I love the promise of the Lord’s coming, and I look forward with joyful anticipation to that great day, but Jesus was crystal clear – “No one knows the day or the hour” (Matthew 24:36). Did you catch that? No one! I once shared this verse with a man who was really into end times and desperately trying to figure out when Jesus would return, but he said, “But Jesus didn’t say that we couldn’t know the month.” I reminded him that Jesus said to his disciples before he ascended, “It is not for you to know times or seasons that the Father has fixed by his own authority” (Acts 1:7). Forget the month, we’re not even going to know the season! Yet, this has not stopped numerous false teachers from preying off of people’s fears and lack of discernment in selling millions of books making predictions of the times and seasons of Christ’s return. And I hesitate to write this, because I never want to seem like I’m “policing” what people read or sounding like an angry theological drug sniffer who just snoops around looking for error, but I believe this problem goes deeper than predictions. This may sound like, ‘much ado about nothing’, but this has everything to do with how you view and approach the bible.
The Bible is Not a Code to Crack.
A few years ago I was interviewed about Harold Camping’s prediction that Jesus was coming back on May 21, 2011. You remember that? Apparently, he cracked some secret code in the bible that enabled him to know the exact date. The sad thing is that he got so many people to buy into it. Yet, what happened? The day came and went. Christians need to realize that the bible is not a code to crack. God has not hidden secret “fortune cookie” messages in the bible for only the spiritually elite to discover.
Modern Gnosticism: This type of stuff is just a modern example of ancient Gnosticism – “Claiming that you have a special and secret knowledge that you must pass on to those who have faith enough to believe it.” The way this works is that you can’t disagree with the person’s secret knowledge, because if you do, then they will just tell you that you don’t have enough faith. Christians who are less discerning have been duped by this for years. The Apostle Paul dealt with this in his letter to the Colossians and explained that Christ is sufficient, and the word of God is all that we need.
Insights vs. Mysteries: Here’s where it may help to make a few distinctions. There’s a difference between an insight and a mystery. There’s a difference between seeing a helpful theological connection in the bible and receiving a secret message from God. There’s a difference between reading a commentary or other resource that helps you to understand and apply the bible versus books that claim to have secret messages that mean something for us that could never have been applied to the original audience. What I mean is that although there will be many insights discovered or applications made from the bible for our every-day lives, there are not going to be new mysteries or secret messages given to special people. A mystery was an authoritative divine revelation given to special leaders of the church (Apostles & Prophets) to be recorded for the people of God. Jude writes to “contend for the faith once for all delivered to the saints” (Jude 3). Therefore, there are no more special deliveries. Peter told us that we’ve been given “all things that pertain to life and godliness” (2 Peter 1:3). The overall principle is that the books of the Bible cannot mean something to us that they could never have meant to the original recipients. And so we should be guarded against people claiming to hear new divine messages or unlocking secret meanings for America or the church never before discovered. Unfortunately Harold Camping wasn’t the first and is clearly not the last to claim such things.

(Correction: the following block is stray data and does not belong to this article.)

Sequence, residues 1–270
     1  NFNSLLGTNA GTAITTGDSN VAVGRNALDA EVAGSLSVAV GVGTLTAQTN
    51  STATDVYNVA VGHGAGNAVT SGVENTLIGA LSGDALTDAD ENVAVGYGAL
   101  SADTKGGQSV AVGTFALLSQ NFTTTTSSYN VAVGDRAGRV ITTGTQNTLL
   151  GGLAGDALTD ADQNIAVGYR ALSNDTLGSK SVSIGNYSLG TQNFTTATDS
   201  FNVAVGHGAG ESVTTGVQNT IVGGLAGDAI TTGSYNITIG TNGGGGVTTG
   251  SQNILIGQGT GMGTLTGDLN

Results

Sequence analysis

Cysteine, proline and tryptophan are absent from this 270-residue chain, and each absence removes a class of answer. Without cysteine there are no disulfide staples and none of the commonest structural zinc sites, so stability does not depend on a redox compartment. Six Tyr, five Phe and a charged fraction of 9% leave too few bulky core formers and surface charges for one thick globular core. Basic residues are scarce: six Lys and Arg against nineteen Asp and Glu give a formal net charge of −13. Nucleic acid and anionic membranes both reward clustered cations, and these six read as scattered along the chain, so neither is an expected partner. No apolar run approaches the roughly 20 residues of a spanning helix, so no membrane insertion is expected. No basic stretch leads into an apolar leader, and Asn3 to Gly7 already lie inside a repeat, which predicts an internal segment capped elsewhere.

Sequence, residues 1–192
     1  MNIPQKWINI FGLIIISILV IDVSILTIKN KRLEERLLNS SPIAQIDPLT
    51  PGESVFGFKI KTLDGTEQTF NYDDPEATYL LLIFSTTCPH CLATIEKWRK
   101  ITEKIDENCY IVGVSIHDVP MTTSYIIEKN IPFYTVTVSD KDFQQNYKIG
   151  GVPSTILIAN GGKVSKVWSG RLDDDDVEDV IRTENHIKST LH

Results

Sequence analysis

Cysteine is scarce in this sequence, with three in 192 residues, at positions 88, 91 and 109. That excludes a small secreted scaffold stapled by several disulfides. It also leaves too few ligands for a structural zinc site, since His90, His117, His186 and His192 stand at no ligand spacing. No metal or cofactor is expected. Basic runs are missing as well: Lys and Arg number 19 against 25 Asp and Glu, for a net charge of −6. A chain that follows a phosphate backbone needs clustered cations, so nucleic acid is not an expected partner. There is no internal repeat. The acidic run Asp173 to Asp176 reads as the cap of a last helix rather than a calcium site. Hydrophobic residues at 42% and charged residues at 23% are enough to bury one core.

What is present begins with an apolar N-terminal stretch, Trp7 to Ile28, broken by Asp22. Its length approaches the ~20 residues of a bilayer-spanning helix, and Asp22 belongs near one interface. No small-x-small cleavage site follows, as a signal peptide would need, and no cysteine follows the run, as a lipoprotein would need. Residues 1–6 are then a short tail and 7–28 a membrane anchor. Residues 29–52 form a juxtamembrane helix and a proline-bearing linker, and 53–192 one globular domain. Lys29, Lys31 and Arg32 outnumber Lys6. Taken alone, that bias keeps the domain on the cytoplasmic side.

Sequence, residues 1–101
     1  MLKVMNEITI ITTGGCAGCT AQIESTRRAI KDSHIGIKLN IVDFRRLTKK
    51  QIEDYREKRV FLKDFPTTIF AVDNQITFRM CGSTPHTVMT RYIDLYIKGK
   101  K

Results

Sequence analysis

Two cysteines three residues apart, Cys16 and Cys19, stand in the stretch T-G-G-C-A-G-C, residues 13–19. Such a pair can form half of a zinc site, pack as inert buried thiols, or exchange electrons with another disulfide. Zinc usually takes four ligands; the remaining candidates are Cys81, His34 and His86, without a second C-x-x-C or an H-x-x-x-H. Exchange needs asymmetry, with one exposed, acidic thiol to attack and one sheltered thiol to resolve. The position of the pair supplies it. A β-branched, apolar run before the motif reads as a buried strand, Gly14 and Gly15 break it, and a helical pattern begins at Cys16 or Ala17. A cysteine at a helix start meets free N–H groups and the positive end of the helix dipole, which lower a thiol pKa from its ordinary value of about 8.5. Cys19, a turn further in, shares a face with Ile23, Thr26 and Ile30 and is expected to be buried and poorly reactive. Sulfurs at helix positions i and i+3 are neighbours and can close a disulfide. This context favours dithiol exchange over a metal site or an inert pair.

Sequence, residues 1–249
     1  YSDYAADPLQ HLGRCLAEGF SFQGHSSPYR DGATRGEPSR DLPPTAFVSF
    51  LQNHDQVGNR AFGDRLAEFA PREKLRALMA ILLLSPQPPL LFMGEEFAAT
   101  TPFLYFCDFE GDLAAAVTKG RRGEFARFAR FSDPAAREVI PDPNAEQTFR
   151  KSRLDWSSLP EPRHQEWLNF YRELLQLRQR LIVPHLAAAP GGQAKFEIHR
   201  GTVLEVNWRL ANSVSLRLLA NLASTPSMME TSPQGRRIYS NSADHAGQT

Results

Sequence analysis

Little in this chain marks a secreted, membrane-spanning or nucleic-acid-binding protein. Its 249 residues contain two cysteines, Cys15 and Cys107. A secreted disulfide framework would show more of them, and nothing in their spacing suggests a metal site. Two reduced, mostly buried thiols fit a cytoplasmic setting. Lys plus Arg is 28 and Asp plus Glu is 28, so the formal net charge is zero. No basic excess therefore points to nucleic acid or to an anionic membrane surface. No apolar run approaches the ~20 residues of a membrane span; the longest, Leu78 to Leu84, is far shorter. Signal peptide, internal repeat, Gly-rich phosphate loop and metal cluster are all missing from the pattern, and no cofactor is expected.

The Harbinger and Four Blood Moons
Two recent books, The Harbinger by Jonathan Chan and Four Blood Moons by John Hagee, fall into this category. Now, this is not meant to be offensive to people who have read these books and enjoyed them, but rather informative. Just consider The Harbinger’s subtitle: “The ancient mystery that holds the secret to America’s future.” Did you notice the three words: mystery, secret, and future? Books like this are misleading Christians in how to view and apply Scripture. Hagee’s subtitle is no different: “Something big is about to happen.” Did you pick up on what’s going on there? The subtle message in the subtitle is that unless you buy this book, then you won’t know what you should about your future. These writers prey off of people’s fear that they may be missing out on a secret code and message from God about the future that they can’t figure out by reading the bible on their own. Both The Harbinger and Four Blood Moons get several critical things wrong about different bible passages, more than can be described here. If you want to see what I mean, Tim Challies has written a very good review on The Harbinger here, and you can read more about the falsehood of Hagee’s blood moon approach here.
Just because someone claims to be a Christian, is on Christian television, or has a large following doesn’t mean that we should listen to every word that they say about the end times. You’ve got to test it according to the bible, and when we do, we can confidently disregard all these date setters and even these date teasers who claim to have “cracked the code” or received some secret message that you might miss if you don’t read their books. Please, don’t buy the books. Don’t see the movies. Don’t waste your money or your time. There are no secret codes that need to be broken for you to live the Christian life and face the future with confidence. There are no secret messages that you can’t afford to miss. The best approach is to study the Scriptures and trust your unknown future to a known God.